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Liver Cancer

Liver cancer usually begins in the tissues or nodules of the liver, but can also occur within cells of the liver bile ducts. The most common form of liver cancer is hepatocellular carcinoma. The exact causes of liver cancer are unknown. Some symptoms for early liver cancer are similar to other cancers and non-cancer related illnesses, which can make liver cancer difficult to detect and diagnose.


  • In 2019, approximately 42,030 new cases of liver cancer are expected to be diagnosed and approximately 31,780 people are expected to die from liver cancer in the United States.
  • In Texas, 3,898 people are expected to be diagnosed with liver cancer and an estimated 2,606 will die from the disease in 2019.
  • Liver cancer is a leading cause of cancer-related deaths globally, accounting for more than 700,000 deaths annually.
  • Liver cancer incidence and death rates are on the rise, with the incidence more than tripling since 1980.

Risk Factors

  • Cirrhosis and Alcohol: Many people who develop liver cancer show signs of cirrhosis, a disease that scars the liver. Liver cells that are damaged from cirrhosis demonstrate a greater risk of developing liver cancer. Heavy alcohol use is a leading cause of cirrhosis.
  • Obesity: Being very overweight increases the risk of liver cancer.
  • Long-Term Hepatitis Infections: Hepatitis B and C virus infections left untreated over an extended period of time can lead to cirrhosis. These strains of hepatitis spread through unprotected sex, used needles, and childbirth.
  • Diabetes: People with type 2 diabetes, especially those who consume high amounts of alcohol or have viral hepatitis, face an increased risk for liver cancer.
  • Exposure: People who are exposed to Thorotrast, vinyl chloride, anabolic steroids, and aflatoxins have an increased risk of liver cancer.
  • Tobacco Use: Liver cancer risk is higher in current smokers than former smokers, but both have elevated risk.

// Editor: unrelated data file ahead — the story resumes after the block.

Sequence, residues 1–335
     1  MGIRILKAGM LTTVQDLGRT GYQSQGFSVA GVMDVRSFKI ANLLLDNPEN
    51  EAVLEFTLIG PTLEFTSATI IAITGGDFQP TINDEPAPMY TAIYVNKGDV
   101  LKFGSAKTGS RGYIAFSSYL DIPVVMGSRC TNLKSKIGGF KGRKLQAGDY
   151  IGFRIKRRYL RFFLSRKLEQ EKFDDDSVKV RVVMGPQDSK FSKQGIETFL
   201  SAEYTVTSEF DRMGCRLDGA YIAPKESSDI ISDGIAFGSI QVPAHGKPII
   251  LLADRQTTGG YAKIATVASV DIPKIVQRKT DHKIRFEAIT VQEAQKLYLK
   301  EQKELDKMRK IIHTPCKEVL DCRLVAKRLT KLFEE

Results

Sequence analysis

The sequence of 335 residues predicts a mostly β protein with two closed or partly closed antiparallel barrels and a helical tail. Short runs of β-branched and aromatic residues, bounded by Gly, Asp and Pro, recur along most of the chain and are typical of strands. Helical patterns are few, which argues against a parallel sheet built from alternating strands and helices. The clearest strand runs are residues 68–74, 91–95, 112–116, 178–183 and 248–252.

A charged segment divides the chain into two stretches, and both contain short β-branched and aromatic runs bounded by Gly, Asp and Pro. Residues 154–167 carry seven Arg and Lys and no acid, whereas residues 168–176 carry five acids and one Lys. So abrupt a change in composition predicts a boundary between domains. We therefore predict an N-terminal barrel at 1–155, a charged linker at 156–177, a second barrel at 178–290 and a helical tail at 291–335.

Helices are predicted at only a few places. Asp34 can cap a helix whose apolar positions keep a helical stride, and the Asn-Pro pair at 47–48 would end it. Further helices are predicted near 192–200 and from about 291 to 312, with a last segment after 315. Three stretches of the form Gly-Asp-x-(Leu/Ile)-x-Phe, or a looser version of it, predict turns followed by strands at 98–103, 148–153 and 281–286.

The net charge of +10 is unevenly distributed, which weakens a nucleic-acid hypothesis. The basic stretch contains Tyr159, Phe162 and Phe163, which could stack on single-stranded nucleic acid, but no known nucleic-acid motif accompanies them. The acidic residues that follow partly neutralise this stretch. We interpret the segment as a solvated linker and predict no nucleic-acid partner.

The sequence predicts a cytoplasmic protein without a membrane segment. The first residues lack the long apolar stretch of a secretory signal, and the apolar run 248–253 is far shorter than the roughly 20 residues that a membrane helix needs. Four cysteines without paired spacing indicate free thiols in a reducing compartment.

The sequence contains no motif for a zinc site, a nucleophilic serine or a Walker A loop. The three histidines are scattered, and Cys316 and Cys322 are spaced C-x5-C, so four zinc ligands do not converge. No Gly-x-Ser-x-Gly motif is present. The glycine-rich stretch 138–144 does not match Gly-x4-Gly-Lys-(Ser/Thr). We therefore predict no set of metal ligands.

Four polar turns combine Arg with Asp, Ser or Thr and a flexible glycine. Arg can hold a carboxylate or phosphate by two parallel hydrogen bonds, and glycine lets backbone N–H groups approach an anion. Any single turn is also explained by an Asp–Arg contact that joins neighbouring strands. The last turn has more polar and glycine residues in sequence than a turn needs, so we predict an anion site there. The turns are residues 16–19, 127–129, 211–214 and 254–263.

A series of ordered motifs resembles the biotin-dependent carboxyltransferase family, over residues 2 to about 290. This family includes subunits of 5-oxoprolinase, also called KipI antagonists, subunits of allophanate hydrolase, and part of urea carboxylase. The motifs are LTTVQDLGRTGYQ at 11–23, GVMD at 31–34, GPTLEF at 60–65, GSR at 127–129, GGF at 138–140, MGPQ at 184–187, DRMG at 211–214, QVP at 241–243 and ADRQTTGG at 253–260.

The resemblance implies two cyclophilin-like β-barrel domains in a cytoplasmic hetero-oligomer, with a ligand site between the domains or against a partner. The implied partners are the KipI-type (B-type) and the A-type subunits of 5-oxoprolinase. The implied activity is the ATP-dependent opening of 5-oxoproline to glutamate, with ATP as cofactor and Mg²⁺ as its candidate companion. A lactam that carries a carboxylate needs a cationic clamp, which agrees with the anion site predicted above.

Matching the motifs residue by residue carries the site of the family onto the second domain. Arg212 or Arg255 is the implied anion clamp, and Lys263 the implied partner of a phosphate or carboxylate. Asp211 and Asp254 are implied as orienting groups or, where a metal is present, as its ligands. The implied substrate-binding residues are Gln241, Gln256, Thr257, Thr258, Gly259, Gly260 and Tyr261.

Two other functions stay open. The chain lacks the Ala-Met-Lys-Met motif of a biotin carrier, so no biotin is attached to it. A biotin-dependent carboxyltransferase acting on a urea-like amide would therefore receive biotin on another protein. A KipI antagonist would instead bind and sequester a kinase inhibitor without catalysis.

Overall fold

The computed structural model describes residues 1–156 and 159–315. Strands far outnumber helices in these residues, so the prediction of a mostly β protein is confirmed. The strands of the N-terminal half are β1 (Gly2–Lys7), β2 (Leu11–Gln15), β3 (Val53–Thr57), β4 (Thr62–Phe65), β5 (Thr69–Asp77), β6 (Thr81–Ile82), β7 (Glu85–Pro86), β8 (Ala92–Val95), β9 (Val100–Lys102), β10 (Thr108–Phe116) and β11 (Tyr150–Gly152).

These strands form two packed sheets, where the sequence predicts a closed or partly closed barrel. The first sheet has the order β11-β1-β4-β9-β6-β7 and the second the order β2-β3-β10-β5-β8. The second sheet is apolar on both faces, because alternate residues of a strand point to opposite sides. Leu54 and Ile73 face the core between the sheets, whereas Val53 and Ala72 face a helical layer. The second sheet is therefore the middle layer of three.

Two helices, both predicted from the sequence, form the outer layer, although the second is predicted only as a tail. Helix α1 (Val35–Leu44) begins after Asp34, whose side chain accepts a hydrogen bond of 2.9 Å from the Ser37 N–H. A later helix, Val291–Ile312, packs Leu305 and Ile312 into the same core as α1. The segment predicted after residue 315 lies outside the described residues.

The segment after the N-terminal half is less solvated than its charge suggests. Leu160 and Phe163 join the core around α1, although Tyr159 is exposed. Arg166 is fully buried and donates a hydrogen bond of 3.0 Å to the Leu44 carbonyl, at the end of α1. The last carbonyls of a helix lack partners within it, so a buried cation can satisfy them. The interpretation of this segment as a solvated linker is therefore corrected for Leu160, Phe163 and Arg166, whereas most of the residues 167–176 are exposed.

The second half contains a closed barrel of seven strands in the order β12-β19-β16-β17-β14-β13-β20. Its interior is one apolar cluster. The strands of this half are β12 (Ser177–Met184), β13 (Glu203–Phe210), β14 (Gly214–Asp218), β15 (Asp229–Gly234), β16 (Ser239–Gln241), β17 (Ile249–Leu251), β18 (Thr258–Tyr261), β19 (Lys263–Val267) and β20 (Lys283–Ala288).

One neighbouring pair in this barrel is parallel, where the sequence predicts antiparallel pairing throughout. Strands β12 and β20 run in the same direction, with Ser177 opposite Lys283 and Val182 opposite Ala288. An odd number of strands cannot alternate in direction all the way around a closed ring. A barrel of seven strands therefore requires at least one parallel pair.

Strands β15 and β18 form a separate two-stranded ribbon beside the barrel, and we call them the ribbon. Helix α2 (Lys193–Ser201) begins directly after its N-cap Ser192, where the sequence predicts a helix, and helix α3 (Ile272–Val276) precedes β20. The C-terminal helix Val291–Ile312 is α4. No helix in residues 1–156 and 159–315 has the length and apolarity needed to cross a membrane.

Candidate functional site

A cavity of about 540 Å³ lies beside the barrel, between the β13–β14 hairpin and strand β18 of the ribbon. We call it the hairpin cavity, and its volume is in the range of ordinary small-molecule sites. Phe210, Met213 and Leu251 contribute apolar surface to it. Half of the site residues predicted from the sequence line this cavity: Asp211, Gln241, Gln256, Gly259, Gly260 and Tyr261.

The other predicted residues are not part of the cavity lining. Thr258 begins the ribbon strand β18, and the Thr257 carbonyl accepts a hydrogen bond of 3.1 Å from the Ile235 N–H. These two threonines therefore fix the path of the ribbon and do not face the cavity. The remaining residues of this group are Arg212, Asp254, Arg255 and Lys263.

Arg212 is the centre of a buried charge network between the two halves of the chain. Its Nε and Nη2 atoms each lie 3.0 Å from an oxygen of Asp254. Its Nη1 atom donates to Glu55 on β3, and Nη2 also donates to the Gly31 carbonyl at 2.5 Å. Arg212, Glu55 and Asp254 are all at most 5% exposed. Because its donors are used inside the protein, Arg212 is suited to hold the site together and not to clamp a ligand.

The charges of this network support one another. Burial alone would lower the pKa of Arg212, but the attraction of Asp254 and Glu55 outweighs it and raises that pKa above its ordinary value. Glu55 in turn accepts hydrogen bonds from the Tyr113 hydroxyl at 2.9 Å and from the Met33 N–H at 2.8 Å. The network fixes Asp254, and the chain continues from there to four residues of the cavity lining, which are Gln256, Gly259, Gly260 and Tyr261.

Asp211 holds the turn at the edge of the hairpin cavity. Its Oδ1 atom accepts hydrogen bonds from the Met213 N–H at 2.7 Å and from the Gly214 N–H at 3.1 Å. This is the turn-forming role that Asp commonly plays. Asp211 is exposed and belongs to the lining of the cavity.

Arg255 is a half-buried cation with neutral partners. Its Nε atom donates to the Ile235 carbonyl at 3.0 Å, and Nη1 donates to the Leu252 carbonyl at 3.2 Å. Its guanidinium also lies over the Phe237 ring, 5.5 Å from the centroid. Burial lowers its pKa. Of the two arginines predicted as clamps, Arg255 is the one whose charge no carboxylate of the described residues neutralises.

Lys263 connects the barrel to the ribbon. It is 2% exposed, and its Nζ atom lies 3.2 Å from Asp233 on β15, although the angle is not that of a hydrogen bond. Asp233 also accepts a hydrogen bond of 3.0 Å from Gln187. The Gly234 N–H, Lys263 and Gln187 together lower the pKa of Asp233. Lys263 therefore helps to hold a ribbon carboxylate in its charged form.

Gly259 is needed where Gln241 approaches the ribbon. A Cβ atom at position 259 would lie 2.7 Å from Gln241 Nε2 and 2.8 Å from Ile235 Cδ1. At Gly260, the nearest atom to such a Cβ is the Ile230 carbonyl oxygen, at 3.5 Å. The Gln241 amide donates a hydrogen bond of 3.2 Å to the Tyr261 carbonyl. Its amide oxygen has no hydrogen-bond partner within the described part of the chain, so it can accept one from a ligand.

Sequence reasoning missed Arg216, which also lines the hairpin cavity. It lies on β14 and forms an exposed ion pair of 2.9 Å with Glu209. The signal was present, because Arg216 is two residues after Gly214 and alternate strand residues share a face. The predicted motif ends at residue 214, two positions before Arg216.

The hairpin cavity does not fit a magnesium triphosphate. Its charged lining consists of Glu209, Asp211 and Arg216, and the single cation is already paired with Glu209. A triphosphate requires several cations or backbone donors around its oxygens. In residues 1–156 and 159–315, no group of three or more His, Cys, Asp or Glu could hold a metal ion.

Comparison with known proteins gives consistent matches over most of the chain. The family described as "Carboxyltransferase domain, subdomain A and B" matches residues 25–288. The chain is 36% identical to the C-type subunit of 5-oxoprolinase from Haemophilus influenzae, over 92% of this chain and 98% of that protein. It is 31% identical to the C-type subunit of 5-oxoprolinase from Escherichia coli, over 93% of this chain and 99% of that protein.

• Gender: Liver cancer is more common in men.
  • Inherited Diseases: Hereditary hemochromatosis, tyrosinemia, alpha1-antitrypsin deficiency, porphyria cutanea tarda, glycogen storage diseases, and Wilson disease increase risk of liver cancer.


Liver cancer is difficult to diagnose because symptoms often do not appear until the disease has progressed to later stages. Symptoms may include:
  • Fatigue or weakness
  • Yellow eyes and skin
  • Nausea or vomiting
  • No appetite or feelings of fullness
  • Fever 
  • Unexplained weight loss
  • Pain in right shoulder blade or abdomen, where liver is located
  • Unusual bruising or bleeding
  • Lump under ribs on right side
  • Itching
  • Bloating, fluid build-up or swelling in the abdomen
  • Enlarged liver or spleen
  • Pale stools or dark urine


Limiting certain risk factors and taking proactive measures can decrease the incidence of liver cancer. To reduce the risk of the disease, men and women should limit alcohol and tobacco use, maintain a healthy weight, treat cirrhosis and other diseases that increase risk in the early stages, and avoid exposure to certain chemicals and toxins. It is also important to prevent contact with the hepatitis B and C virus. The hepatitis B virus vaccination is recommended for all infants, children, and high-risk adults.

Treatment Options

Treatment options vary, depending on the liver’s condition, the age and overall health of the patient, and the size, location, and stage of the cancerous tumor. Treatment for liver cancer may include a combination of surgery, chemotherapy, radiation therapy, targeted therapy, immunotherapy, cryosurgery, proton therapy, radio frequency ablation, or tumor embolization. In rare cases, a liver transplant may be appropriate.

Sources: American Cancer Society, American Liver Foundation, American Society of Clinical Oncology, Centers for Disease Control and Prevention, National Cancer Institute, and Texas Cancer Registry

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